Spiritual Companionship Themes (to begin our gatherings and meetings with a grounding in our faith)
We encourage each of our ministry teams, fellowship or service groups–from the Board of Elders to the property committee–to integrate spiritual formation into their “business” meetings.
Groups are asked to set aside time at each meeting to connect with God and with one another and with God.
Here’s this month’s suggestion for a spiritual discussion theme:
Our Annual Congregational Meeting always starts a new church year. And so February is often the first time a Ministry Team or Standing Leadership Group meets with new people at the table. If there aren’t new people, why? Are there new people who this group might ask or should try to bring to this table? (When Michael arrived at Old First, one of the challenges he suggested was that every time people of the church gather, we should have a commitment for their to be someone new in the circle!)
When an established group opens up to include new people (and likely has seen former members leave), it’s a different group. And as it says in the UCC’s Book of Worship, “our church is always changing. People come and go…”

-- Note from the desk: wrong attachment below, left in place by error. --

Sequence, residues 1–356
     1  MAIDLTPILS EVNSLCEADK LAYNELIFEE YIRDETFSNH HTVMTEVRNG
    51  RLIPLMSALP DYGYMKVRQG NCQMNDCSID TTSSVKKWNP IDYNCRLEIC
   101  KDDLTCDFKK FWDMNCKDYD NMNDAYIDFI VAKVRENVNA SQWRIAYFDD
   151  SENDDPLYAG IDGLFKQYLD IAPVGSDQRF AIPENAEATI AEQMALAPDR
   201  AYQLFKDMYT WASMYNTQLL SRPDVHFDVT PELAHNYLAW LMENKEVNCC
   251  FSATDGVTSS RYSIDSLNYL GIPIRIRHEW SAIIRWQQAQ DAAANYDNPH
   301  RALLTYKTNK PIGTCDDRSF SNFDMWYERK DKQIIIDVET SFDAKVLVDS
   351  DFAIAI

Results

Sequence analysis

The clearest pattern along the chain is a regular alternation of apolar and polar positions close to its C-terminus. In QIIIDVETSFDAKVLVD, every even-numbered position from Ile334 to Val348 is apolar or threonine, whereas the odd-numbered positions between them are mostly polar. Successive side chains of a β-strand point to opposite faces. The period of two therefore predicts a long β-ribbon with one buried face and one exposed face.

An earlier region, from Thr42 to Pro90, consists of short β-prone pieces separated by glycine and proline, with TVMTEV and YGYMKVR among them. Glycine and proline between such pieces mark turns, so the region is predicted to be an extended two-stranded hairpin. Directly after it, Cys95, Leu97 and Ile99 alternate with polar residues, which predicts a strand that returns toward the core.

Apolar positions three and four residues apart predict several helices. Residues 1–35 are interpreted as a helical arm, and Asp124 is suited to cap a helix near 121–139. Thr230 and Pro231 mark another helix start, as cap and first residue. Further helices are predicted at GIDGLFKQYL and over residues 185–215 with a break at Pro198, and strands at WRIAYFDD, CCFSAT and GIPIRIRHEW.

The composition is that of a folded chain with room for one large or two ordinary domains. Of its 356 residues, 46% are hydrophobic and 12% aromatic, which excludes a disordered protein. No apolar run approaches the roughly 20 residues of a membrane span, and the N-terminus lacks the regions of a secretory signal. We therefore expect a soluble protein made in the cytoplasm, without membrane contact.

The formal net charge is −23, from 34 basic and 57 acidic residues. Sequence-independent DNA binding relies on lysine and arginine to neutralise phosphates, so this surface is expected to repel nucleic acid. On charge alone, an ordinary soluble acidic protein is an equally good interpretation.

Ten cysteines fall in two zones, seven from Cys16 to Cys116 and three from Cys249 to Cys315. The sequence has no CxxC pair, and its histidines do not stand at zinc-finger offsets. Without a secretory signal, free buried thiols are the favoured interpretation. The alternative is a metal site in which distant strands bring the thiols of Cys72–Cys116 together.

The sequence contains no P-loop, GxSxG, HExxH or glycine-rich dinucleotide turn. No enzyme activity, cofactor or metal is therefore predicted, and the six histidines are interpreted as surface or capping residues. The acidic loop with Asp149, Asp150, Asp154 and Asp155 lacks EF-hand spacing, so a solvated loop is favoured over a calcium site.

As we get started over again, we will all be changed by the new people and relationships around our leadership circles. But new groupings also provide an opportunity for people who’ve been at the table to become someone or somehow new.
Thinking about the opportunities the “shuffling around” that happens as people follow their changing gifts and callings, can we begin this new season by sharing around three questions. (People are invited to share as they feel comfortable and are always given permission to pass).
But first, let us remember how Jesus can help us see and be seen (Matthew 8:22-26):
They came to Bethsaida, and some people brought a blind man and begged Jesus to touch him. He took the blind man by the hand and led him outside the village. When he had spit on the man’s eyes and put his hands on him, Jesus asked, “Do you see anything?”
He looked up and said, “I see people; they look like trees walking around.”
Once more Jesus put his hands on the man’s eyes. Then his eyes were opened, his sight was restored, and he saw everything clearly.
Now, let’s try some sharing:
- Who do you think other people see you as?
- Who do you sometimes pretend to be?
- As opposed to the first two questions, who could you say you are?
After people share, the group might gather up what has been offered with prayer…